Internet addiction and overuse were more prevalent in postgraduate students than undergraduates. Kwabe et al. has also reported that the number of students with internet addiction increases as their grades increase. Likewise, XinM. in his study of 6468 Chinese adolescents also observed more internet addiction among older grade students. It is possible that the study course in PG is more demanding to access the internet and the affordability in this group to bear the expenses of the internet is much stronger than UG. It was also evident in general that educational activity was the most commonly cited purpose for internet use.
The workplace was the most preferred area for internet use among addicts. Goel et al. in his study has also yielded similar results. Lesser restriction, a company of colleagues, and accessibility to free internet may have been the possible reason for this observation.
Alcohol consumption and smoking were significantly associated with internet addiction in the present study. Several other studies in the past have made similar observations where pathological internet use (PIU) or internet addiction was possibly associated with alcohol and smocking.
Sung et al. in his analysis of a large study sample of adolescents established a positive association of internet addiction with alcohol and smoking. Neuropsychological explanation proposes that nicotine and alcohol shares a common reward pathway. which may also include the nature of internet usage as observed in many studies for e.g. striatal activation in online games when confronted with cues from their favorite games. Studies have also suggested that adolescents with internet addiction may have personalities vulnerable to any other addiction and hence are at increased risk of substance abuse.
In this study mean daily time spent on internet use was positively correlated with internet addiction. In a review of research on internet addiction, people at risk of internet addiction were reported to have spent significantly more time online. In another study by Kuss  daily use of the internet and increased time online was positively correlated with internet addiction.
This study revealed a strong positive association between internet addiction and insomnia. Similar results were also established by Bhandari et al. in his study of 984 undergraduate students, who reported 35.4% of the study sample having poor sleep quality and internet addiction as well. Cheung  in his study of 719 Chinese adolescents in Hong Kong observed high comorbidity between internet addiction and insomnia; 51.7% of students among internet addicts were insomniacs.
Association between internet addiction and depression in this study corresponds to another study among university students in Turkey by Orsala et al. who reported an alarming association between internet addiction and depression. A high score of depression has also been reported in a study among Indian adolescents with internet addiction.,, In an article on association between internet addiction and depression, the authors after taking into account several studies proposed four models of such association including escape model, bidirectional model, negative consequence model, and shared mechanism model. Grossly the association between internet addiction and psychological problems including depression are reported to have an interdependent relationship. Depression may lead to internet addiction and vice versa. Internet use in this population serves as a remedy to overcome their problems and negative perception about the situation. Such use over a period of time becomes a habit and eventually addiction, as some positive emotions like happiness and excitement are felt while being on the internet. When internet addict does not use the internet, negative emotions flare up and can only be replaced by positive emotions by using the internet.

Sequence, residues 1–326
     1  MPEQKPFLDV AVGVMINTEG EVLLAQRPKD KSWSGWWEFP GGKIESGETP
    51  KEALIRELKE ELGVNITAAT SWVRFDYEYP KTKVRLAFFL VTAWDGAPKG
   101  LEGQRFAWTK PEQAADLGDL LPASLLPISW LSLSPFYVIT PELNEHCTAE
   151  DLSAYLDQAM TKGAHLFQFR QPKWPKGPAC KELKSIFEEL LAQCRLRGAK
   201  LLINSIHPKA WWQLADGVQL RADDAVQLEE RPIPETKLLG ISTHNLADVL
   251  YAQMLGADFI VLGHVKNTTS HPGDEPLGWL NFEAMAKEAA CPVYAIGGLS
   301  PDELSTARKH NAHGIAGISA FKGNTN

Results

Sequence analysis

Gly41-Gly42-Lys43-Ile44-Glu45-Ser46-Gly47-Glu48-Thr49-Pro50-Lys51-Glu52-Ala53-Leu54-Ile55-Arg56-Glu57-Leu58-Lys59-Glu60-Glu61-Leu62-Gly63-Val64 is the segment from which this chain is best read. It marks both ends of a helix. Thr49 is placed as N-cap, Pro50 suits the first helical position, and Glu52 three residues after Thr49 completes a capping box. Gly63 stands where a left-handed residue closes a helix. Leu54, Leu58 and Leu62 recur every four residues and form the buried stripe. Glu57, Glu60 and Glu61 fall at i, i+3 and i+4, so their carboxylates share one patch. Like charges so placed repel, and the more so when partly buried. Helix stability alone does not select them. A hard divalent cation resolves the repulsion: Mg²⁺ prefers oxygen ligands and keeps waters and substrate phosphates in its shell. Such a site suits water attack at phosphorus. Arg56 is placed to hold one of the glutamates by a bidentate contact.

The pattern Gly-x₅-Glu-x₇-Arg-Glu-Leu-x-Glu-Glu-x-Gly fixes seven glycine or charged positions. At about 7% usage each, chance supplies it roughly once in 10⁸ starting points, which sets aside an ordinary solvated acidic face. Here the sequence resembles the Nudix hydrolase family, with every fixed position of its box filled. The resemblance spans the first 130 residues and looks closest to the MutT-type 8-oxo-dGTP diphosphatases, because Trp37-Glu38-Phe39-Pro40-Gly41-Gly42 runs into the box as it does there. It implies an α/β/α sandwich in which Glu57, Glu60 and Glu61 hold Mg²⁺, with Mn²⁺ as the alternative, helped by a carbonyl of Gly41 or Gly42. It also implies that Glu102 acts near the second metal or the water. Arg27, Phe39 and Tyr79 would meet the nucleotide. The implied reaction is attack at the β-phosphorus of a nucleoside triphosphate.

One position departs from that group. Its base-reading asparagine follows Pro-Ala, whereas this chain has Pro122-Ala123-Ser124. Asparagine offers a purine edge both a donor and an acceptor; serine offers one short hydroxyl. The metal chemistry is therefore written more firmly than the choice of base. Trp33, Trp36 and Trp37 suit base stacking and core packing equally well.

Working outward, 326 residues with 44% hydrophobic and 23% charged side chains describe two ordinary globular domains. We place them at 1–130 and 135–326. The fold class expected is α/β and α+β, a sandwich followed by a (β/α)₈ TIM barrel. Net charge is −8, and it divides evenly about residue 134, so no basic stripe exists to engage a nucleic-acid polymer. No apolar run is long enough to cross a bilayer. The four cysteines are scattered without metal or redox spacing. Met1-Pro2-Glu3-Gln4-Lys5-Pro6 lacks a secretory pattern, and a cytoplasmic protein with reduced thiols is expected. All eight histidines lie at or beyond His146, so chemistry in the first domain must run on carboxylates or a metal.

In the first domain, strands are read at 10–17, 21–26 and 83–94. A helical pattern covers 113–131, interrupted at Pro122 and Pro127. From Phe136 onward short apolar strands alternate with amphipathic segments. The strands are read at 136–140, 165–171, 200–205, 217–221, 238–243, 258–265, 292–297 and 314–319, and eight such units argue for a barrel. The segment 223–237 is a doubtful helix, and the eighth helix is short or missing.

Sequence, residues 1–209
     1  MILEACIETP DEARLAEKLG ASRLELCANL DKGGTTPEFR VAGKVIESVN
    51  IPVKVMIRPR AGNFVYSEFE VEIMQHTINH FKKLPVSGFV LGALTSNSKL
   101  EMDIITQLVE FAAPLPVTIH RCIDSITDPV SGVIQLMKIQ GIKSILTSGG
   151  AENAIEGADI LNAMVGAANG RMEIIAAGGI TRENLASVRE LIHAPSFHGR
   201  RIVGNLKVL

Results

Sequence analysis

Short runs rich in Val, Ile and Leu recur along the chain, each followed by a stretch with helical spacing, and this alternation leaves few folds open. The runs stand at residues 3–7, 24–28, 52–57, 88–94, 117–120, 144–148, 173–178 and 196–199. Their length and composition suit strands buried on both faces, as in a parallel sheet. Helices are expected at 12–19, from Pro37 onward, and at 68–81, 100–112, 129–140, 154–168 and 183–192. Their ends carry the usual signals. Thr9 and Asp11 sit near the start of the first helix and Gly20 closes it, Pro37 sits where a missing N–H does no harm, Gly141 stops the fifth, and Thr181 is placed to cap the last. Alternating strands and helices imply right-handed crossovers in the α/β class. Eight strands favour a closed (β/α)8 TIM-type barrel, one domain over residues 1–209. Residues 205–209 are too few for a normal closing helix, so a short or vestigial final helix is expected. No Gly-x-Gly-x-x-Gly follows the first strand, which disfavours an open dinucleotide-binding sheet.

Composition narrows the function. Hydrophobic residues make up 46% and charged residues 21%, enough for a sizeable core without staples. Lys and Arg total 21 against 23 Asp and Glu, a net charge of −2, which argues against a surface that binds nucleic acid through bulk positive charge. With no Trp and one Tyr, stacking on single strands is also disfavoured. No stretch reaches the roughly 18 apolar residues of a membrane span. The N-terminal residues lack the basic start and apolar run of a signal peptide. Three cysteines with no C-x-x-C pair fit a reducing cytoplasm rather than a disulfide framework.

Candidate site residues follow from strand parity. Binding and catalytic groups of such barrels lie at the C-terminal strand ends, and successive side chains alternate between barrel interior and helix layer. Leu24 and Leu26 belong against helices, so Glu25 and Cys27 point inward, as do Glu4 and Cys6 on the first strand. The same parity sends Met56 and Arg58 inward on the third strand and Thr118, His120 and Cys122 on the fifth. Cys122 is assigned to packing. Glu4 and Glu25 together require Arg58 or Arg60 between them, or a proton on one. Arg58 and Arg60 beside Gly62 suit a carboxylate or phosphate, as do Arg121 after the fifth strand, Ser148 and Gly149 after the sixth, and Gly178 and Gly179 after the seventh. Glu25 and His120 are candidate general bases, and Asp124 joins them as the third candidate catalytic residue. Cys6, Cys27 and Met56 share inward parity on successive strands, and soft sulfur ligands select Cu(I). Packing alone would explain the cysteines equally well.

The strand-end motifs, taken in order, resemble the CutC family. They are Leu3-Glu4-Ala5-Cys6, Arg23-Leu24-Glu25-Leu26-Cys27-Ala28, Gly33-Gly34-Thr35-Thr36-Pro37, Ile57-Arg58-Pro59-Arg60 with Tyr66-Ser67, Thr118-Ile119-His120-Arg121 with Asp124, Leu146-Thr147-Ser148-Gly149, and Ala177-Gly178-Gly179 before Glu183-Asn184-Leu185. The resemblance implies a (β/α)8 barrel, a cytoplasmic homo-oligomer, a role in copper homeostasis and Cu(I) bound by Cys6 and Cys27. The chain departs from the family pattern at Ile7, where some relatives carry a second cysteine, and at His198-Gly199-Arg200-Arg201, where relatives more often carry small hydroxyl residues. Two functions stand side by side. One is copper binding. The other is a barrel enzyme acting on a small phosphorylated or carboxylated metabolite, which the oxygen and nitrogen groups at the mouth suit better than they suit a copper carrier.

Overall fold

The association between internet addiction, insomnia, and depression was explored in a study that observed that internet addiction and sleep quality independently mediated 16.5% and 30.9% indirect effect of each other on depression.
| Conclusion|| |
Internet addiction among youth has become increasingly a great concern. Various parameters including gender, time spent on the internet, graduation level, place of internet use, smoking, and alcohol have been associated with internet addiction. In addition, insomnia and depression are more common in internet addicts and may have a bidirectional relationship.
Financial support and sponsorship
Conflict of interest
There is no conflict of interest.
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[Table 1], [Table 2], [Table 3], [Table 4]